I stand by my remarks. In particular:
Do you expect every programmer to understand the code you’ve written without checking any documentation?
Yes, almost all of the time I do. You may need to understand the problem domain (with or without documentation), but the code should stand alone nearly all the time. If it doesn’t then it’s bad code.
The purpose of comments and documentation is to give you first the whole picture. The code is there for the details.
Like I said earlier, I’ve been in this business a long time. I understand what comments and documentation are for. But I’ll say it again, my experience over 20+ years leads me to my opinion that comments and documentation do not make up for bad code. Good code, almost by definition, requires little of either.
Maintaining code that has no documentation is far difficult than code with documentation.
Not necessarily true. Documentation needs to be maintained along with the code (misleading documentation is worse than useless). That’s more work. Forever. For everybody who works on that code. So you should keep documentation to a minimum. This may or may not be zero, but if you can make your code understandable without documentation, that’s just got to be better. Most of the time that’s possible.
FWIW, the best code I’ve ever seen had no documentation at all (it had unit tests, which do the job better if done well).
If code and documentation aren’t necessary, why do these popular frameworks (for example frameworks for Java) have to write documentation?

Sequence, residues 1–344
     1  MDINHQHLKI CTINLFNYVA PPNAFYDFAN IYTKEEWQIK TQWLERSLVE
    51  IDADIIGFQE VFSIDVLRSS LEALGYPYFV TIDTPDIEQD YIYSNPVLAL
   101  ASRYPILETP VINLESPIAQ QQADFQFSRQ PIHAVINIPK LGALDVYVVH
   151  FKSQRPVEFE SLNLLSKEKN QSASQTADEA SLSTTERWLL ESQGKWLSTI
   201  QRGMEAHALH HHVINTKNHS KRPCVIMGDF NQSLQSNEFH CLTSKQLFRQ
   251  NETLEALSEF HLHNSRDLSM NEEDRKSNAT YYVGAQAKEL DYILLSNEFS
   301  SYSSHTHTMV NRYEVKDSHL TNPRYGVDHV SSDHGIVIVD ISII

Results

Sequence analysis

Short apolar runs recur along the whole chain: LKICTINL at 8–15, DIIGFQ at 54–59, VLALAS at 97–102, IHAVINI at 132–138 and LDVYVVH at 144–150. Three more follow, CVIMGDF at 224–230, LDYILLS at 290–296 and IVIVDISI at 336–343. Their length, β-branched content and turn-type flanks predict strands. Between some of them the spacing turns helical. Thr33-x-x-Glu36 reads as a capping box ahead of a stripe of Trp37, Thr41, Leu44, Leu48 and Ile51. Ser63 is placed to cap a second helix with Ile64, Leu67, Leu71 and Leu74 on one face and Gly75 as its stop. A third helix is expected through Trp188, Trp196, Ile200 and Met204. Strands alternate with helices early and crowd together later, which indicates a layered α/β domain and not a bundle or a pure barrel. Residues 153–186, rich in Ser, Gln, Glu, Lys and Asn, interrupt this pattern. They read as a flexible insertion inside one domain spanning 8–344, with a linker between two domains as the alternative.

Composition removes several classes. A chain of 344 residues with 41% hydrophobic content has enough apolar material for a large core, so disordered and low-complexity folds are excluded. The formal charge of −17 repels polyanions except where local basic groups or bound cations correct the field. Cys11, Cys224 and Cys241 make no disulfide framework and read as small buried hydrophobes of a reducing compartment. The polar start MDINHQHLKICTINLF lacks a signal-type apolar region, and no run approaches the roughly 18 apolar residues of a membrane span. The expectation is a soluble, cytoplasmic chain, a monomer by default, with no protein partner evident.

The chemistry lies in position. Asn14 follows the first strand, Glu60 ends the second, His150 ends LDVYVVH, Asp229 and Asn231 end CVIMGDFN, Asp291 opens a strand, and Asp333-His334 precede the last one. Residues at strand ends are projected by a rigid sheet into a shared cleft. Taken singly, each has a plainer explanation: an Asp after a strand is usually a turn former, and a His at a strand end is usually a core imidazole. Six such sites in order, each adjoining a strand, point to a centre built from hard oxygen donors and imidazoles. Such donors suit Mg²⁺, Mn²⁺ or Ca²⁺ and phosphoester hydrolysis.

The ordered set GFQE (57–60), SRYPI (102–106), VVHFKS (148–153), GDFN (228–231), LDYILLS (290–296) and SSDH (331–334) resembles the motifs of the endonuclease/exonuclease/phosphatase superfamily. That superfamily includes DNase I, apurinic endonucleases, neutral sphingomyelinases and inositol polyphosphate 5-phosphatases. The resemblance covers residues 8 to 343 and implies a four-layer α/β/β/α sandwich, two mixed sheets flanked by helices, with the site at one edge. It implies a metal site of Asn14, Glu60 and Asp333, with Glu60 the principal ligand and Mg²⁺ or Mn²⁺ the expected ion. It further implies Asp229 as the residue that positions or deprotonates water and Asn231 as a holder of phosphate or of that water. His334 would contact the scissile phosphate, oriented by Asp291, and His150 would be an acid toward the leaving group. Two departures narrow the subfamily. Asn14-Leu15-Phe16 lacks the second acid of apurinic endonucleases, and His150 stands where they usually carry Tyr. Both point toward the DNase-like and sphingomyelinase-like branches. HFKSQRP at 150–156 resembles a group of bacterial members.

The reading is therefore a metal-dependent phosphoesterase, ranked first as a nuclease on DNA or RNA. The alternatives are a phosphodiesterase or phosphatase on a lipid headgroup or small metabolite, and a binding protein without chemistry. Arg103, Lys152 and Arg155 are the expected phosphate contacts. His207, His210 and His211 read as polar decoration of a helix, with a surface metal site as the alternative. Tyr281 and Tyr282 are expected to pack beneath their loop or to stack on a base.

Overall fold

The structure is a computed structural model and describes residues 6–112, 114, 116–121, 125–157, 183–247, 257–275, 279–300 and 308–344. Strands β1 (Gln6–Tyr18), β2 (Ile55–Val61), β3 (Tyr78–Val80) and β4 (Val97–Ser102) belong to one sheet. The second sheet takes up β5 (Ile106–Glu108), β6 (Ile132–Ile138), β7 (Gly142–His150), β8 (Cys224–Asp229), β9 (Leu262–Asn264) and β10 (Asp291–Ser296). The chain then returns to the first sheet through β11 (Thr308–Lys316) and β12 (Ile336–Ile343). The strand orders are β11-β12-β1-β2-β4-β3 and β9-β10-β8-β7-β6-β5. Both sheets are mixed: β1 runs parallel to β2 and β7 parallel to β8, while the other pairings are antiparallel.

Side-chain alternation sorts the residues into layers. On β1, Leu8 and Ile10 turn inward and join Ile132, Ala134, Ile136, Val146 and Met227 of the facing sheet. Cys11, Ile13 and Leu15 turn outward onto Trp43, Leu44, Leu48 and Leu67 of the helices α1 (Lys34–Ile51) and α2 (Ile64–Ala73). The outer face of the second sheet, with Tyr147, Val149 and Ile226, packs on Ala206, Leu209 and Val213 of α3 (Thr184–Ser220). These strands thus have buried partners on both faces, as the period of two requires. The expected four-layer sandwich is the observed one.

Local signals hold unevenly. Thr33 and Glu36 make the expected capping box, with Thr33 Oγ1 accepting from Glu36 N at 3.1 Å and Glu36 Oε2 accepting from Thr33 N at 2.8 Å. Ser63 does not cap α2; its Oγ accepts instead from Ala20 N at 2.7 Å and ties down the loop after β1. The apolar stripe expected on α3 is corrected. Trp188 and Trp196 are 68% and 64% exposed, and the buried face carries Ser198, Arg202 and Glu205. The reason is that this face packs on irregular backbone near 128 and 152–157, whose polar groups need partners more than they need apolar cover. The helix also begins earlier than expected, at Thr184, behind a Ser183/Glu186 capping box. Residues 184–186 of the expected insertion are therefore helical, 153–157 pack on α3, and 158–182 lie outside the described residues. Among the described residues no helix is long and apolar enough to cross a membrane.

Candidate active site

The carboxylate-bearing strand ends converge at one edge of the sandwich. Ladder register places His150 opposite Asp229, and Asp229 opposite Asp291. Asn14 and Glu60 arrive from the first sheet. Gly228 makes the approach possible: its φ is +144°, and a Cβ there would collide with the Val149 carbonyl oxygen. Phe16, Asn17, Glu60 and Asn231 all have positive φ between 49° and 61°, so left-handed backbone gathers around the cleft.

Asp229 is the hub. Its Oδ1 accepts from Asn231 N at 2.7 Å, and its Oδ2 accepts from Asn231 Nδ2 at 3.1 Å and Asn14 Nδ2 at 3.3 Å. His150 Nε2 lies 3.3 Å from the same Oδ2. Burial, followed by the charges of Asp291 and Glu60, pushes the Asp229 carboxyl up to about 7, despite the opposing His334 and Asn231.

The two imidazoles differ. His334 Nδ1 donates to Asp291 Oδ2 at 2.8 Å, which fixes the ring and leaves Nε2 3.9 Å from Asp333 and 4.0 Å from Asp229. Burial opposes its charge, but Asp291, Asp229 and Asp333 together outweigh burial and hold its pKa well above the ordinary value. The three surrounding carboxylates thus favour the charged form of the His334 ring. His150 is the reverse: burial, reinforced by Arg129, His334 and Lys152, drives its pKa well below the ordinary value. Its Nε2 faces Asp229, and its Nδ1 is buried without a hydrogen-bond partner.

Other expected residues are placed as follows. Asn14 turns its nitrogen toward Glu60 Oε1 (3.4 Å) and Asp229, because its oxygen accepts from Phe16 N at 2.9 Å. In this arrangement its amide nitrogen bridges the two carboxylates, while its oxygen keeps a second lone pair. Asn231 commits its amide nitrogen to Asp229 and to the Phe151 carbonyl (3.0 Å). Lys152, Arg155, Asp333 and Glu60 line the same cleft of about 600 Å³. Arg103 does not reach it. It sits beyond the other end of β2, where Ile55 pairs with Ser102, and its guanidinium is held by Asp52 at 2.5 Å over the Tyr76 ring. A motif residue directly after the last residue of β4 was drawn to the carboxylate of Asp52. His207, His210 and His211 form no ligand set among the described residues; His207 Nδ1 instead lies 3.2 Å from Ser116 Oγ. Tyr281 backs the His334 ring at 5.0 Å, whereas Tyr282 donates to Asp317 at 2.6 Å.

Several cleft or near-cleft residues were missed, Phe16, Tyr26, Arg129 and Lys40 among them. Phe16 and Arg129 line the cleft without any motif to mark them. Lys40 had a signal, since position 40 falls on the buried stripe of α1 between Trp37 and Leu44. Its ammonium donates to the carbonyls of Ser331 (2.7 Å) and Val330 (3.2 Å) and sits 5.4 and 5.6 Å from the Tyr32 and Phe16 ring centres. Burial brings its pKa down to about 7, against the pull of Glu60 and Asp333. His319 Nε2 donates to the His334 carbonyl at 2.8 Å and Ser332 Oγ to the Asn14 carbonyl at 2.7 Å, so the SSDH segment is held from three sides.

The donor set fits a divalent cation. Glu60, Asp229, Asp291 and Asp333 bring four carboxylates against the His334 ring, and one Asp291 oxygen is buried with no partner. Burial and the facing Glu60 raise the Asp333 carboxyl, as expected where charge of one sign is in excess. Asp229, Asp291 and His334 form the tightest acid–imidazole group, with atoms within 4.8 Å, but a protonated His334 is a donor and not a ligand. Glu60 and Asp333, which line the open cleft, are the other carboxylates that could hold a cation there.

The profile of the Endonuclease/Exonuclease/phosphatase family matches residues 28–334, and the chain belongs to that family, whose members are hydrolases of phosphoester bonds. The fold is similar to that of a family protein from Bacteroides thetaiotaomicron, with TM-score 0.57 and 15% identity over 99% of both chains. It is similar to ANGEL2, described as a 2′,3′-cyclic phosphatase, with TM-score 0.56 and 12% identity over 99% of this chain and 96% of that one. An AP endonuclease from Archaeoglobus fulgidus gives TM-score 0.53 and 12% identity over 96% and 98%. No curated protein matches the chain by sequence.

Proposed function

I assume you mean comments and documentation, and I didn’t say they weren’t necessary. However, good frameworks require less documentation. If you have a framework that requires a lot of docs to be understood, I’ll argue you don’t have a well written framework.
I would point out that writing frameworks (ie code that is intended to be widely reused) is much more difficult than “normal” code. Which is why so few of them are very well written
Note that useful != well written.
Believe me I had handled a big chunk of framework that doesn’t even have documentation
I’ve handled a lot of code too, framework and otherwise, over the last 20 some years of professional programming. I’m speaking from that level of experience. You don’t fix crappy code with comments and documentation, you need to fix the code. My experience also very strongly correlates lots of comments with very poor code.
I rather do extra work documenting than allow my fellow programmer struggle.
If I was your fellow programmer, I’d rather you did extra work improving your code so you didn’t need to document it
Once upon a time, I thought as you did. Way back then, I was told that good code required comments only rarely. I didn’t believe it either
Maybe there is no point giving people the benefit of your experience, and you have to learn some things the hard way. But I urge you to do a bit of research and give writing code that doesn’t require comments and docs a try.